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East Yorks New Bee 

House Bee
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Bridlington, East Yorkshire
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Just finished some more brood boxes. Also got permission from a local stately home to put a couple of hives in a secluded area of the grounds. Went to meet the estate manager and he showed me the area the lord of the manor and him had thought would be suitable for a couple of hives. it happens to be a triangle of land 700ft x 700ft. Dont know how big they thought the hives were going to be :ack2:
 

oliver90owner 

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Dave,

Obvious they wouldn't make it as Thorne 'firsts' - 'cos the've got knots in 'em! Apart from that they look pretty good to me. Perfectly adequate - and it looks like you plugged the screw counterbores rather than filled? A good job well done.

I am going to ask, picky I know (some will say), but did you groove the sides for the end walls? If you did, I reckon the butt joints on the end bars are perfectly adequate for a good useful life (and if you didn't it may not make a jot of difference because the rest may fail before the joints anyway, or they may outlast you).

I am a belt and braces person so I would have (perhaps) made the end bars slightly wider to acommodate two long screws (of smaller section) at each end of the bars. I could then locate the screws slightly on the tosh so they cannot be pulled out easily (as a single one might, in umpteen years time)

Please take this as constructive criticism, if you feel I am criticising your work. But I am, in no way, doing that. I reckon they will last well and you have done a great job that you should be proud of. They will, of course, be as good as a Thorne first at about 1/4(?) of the cost - depending on your source of materials.

Compared to a designer plastic hive around 500 quid.......no, there is no comparison needed. One colony housed, versus however many you could make up for that outlay and in a natural material, repairable, etc etc etc makes yours a veritable winner.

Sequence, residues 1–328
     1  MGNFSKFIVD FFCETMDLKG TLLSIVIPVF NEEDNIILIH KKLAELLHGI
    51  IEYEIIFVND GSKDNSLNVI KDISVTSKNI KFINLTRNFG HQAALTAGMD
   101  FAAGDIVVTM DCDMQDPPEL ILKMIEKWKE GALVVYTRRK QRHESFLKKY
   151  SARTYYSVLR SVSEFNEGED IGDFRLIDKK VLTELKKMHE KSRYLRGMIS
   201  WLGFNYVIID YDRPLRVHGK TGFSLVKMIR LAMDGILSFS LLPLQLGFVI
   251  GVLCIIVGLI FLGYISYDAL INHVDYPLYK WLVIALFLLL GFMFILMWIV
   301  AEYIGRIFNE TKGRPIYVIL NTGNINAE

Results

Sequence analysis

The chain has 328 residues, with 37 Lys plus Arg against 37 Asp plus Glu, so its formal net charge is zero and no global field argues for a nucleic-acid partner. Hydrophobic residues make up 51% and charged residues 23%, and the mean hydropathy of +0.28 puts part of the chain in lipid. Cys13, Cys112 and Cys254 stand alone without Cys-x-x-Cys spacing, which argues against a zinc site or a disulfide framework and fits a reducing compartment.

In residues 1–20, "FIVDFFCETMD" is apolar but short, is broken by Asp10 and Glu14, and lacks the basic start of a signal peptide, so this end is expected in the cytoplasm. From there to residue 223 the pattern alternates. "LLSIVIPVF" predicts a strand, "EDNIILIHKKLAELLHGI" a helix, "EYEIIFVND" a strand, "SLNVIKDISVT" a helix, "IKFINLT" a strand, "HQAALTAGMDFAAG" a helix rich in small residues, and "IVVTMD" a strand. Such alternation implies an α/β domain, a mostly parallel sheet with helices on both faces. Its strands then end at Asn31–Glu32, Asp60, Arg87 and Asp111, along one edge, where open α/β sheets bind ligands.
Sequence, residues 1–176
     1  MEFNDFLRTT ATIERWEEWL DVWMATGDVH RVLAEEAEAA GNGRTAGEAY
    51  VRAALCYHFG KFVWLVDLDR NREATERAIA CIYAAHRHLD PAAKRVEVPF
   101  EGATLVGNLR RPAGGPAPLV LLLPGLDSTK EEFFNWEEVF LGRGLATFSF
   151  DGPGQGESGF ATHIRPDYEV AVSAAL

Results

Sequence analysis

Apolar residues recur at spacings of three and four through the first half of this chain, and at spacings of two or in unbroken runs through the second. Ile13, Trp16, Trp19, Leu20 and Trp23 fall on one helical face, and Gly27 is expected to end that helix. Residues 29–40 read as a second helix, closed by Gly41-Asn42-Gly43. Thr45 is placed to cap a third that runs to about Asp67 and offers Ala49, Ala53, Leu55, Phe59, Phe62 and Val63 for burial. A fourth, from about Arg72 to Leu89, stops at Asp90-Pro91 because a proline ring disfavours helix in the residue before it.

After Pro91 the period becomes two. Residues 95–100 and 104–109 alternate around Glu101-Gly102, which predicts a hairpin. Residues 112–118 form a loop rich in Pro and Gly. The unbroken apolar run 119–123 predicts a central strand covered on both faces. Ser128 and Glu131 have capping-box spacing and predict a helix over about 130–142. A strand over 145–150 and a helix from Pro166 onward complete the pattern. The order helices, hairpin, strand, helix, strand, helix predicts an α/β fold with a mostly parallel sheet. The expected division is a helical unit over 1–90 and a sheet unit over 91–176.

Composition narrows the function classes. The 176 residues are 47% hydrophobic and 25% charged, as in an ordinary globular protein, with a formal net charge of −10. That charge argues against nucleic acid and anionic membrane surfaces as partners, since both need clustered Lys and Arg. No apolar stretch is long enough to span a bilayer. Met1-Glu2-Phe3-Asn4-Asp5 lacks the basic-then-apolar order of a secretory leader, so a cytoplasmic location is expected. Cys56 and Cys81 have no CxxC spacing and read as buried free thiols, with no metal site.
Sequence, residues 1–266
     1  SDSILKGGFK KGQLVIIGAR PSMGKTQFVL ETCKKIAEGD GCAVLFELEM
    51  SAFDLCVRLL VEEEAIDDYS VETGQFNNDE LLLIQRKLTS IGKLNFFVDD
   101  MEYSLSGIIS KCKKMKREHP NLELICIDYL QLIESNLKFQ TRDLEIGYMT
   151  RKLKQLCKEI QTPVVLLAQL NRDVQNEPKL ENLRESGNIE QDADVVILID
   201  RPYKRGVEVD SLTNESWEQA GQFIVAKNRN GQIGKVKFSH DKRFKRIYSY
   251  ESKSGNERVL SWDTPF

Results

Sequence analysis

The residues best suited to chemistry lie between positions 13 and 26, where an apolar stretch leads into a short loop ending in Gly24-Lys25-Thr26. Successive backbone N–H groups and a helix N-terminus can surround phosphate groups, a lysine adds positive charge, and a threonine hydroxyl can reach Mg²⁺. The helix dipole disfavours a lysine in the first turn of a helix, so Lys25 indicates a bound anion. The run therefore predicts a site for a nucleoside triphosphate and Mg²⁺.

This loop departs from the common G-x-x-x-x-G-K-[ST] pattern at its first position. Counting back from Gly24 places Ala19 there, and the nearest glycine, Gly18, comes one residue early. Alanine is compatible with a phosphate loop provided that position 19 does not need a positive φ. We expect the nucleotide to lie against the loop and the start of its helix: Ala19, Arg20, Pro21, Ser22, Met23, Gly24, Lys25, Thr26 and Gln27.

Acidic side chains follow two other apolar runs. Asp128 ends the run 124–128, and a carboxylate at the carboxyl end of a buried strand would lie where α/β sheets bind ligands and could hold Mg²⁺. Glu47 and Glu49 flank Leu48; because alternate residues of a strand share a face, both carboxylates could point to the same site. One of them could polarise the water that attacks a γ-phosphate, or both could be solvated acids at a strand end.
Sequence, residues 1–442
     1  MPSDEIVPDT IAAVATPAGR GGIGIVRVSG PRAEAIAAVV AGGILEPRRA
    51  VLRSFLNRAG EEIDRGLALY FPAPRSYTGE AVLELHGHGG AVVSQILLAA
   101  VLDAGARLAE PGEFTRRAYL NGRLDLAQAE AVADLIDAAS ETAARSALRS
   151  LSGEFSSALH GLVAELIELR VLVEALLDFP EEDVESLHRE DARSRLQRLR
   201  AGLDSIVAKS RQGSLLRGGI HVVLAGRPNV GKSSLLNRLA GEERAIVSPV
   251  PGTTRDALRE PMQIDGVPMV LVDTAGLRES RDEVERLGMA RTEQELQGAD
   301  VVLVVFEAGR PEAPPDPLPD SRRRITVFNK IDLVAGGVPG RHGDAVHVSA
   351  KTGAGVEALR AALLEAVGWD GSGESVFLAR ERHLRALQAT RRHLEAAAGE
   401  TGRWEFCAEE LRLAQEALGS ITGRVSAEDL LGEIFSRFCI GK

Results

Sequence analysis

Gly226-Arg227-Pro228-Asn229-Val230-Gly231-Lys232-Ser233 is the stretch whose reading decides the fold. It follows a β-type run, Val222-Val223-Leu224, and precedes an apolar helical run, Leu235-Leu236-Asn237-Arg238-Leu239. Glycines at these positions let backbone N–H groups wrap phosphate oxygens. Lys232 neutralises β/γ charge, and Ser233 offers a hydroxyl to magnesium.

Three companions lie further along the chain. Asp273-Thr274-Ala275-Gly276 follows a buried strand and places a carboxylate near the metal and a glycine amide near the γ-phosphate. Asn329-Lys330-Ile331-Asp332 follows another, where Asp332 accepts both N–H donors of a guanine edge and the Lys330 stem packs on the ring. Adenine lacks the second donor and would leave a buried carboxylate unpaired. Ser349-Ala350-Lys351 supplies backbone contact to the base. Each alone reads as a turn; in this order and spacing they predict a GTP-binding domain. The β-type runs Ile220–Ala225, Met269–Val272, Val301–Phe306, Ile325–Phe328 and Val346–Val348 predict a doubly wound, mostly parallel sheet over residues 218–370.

You clearly have a low cost table saw (that is cf a Wadkin or other expensive item), a stubby plane, screwdriver and a measuring stick. I would imagine that may be all you needed, apart from a bit of abrasive paper. What other tools did you use? This is simply to demonstrate how little you need or how much you might use.

I use a planer/thicknesser, radial saw, bench saw (simlar to yours), router, belt sander, orbital sander, drill, pillar drill, screwdriver. To be frank, the bees could not care a jot and the finished product is no better, no worse than yours, for all those power tools that might, or might not be, the first 'to hand' for the job.

Congratulations on a job well done.

Regards, RAB
 

Red Bee 

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East Yorks, where did you get the wood from in the width you have?
 

admin 

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I think they are biscuit jointed,the planer/thicknesser in the pic gives it away.
 

Onge 

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Omg I want your workshop :drool5:
 
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Great looking boxes EYNB.........yes and great workshop too.